, Volume 144, Issue 3, pp 233–243 | Cite as

Nitrous oxide in the Great Lakes: insights from two trophic extremes

  • Kateri R. SalkEmail author
  • Nathaniel E. Ostrom
Biogeochemistry Letters


Freshwaters are a significant yet understudied component of the global nitrous oxide (N2O) budget. Despite the potential importance of the Laurentian Great Lakes in the freshwater N2O budget, studies have been extremely limited to date. This study evaluated the production pathways, concentrations, and atmospheric emissions of N2O across the two trophic extremes of the Great Lakes: the deep oligotrophic waters of Lake Superior and shallow eutrophic zones of western Lake Erie. Production pathways via denitrification and nitrification were evaluated through stable isotope analysis, and atmospheric emissions were determined from surface concentrations and wind speed. Across all sites and dates, N2O saturation ranged from 98 to 129% in Lake Superior and 93 to 676% in Sandusky Bay, Lake Erie, indicating these lakes are net sources of N2O to the atmosphere. Isotopic site preference values (SP) suggest a mix of production pathways, with nitrification dominating most time periods and denitrification occurring under conditions of high nutrient availability and microbial activity. N2O atmospheric emissions were strong but highly variable in Lake Erie, and emissions in Lake Superior were consistently low (− 0.26 to 33.03 and − 0.14 to 1.41 μmol N m−2 day−1, respectively). Our findings highlight two paradigms of N2O production and emissions: low, wind-driven rates in deep oligotrophic zones and temporally dynamic rates driven by N loading in shallow eutrophic zones. Offshore regions likely make up the majority of the N2O budget for the Great Lakes, yet nearshore regions have a greater capacity for increased N2O emissions in the face of increased nutrient loading.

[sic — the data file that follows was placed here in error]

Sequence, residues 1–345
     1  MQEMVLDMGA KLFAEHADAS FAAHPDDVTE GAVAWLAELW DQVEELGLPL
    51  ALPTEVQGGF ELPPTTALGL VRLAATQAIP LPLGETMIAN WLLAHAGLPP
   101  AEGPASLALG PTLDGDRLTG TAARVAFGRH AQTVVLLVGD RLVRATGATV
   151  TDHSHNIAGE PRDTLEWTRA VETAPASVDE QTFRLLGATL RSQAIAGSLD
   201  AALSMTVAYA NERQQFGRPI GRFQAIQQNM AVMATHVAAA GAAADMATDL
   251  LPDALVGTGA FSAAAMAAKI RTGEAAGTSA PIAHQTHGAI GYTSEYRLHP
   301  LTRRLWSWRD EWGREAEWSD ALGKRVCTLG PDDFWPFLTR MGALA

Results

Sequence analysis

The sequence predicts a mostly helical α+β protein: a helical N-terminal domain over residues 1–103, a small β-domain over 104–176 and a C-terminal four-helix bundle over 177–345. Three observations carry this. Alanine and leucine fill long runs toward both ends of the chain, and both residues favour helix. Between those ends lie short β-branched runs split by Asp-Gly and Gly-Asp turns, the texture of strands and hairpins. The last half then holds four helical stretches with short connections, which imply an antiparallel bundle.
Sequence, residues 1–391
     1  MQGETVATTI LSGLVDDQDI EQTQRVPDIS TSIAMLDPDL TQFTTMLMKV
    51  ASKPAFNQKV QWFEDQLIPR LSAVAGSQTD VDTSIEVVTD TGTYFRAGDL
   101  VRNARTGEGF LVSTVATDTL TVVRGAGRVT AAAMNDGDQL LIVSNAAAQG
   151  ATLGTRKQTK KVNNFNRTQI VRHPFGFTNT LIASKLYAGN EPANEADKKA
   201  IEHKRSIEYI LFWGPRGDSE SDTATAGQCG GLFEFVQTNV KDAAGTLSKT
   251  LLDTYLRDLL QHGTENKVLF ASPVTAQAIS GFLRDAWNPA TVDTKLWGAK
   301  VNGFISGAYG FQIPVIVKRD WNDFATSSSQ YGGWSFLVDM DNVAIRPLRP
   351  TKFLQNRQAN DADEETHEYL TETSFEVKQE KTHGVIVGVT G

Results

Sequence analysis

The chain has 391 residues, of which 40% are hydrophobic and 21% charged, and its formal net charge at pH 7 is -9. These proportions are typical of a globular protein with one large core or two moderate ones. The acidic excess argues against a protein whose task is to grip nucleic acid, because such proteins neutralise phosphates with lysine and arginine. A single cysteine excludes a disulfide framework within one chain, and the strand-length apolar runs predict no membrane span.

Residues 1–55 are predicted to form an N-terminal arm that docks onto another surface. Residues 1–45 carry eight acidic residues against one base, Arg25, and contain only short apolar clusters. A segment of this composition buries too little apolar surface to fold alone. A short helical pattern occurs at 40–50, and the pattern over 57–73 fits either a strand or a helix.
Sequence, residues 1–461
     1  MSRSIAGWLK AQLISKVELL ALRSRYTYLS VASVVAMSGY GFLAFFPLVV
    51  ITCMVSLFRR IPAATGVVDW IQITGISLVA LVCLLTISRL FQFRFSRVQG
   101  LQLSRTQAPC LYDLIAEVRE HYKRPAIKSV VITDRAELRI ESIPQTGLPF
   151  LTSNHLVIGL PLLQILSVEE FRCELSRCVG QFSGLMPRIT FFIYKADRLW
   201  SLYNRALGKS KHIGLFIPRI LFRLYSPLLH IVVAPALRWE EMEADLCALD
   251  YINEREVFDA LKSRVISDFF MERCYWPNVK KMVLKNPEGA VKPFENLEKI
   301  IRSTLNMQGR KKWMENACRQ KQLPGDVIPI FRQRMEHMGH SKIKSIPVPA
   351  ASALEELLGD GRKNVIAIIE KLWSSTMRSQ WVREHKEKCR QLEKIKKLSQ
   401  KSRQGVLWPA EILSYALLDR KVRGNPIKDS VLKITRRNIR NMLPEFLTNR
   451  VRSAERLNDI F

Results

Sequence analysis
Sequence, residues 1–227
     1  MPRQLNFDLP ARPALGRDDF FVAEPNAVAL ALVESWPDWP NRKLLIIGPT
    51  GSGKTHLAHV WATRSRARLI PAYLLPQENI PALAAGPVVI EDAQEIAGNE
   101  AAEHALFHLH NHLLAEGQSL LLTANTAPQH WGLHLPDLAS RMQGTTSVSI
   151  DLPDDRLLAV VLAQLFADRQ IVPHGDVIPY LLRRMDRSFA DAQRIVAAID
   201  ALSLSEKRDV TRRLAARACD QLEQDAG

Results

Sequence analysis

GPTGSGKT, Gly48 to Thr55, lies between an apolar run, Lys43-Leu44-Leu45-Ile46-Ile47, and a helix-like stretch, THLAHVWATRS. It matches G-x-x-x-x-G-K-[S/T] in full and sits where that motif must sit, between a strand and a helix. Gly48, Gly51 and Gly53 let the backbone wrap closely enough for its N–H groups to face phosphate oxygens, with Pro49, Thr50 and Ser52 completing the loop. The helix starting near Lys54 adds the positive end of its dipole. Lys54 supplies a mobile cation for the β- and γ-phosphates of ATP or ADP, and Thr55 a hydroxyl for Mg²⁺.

Nitrous oxide Great Lakes Greenhouse gas Stable isotopes Nitrogen cycle Isotopomers 



Special thanks to the field sampling crews in Sandusky Bay (Taylor Tuttle, Emily Davenport) and on the R/V Blue Heron in Lake Superior (Doug Ricketts, Nigel D’Souza, Christopher Filstrup, Tristan Horner, Andrew Thaler). Hasand Gandhi provided considerable help and insight for laboratory analyses. This research was supported by the University-National Oceanographic Laboratory System, National Science Foundation Graduate Research Fellowship (No. 497 DGE1424871), The Michigan State University (MSU) College of Natural Science Hensley Fellowship, The MSU Rose Fellowship in Water Research, The MSU WaterCube Program, The Ohio Department of Higher Education’s Harmful Algal Bloom Research Initiative (No. R/HAB-2-BOR), and The Ohio Sea Grant College Program (No. R/ER-114).

Supplementary material

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Supplementary material 1 (DOCX 36 kb)


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© Springer Nature Switzerland AG 2019

Authors and Affiliations

  1. 1.Nicholas School of the EnvironmentDuke UniversityDurhamUSA
  2. 2.Department of Integrative BiologyMichigan State UniversityEast LansingUSA

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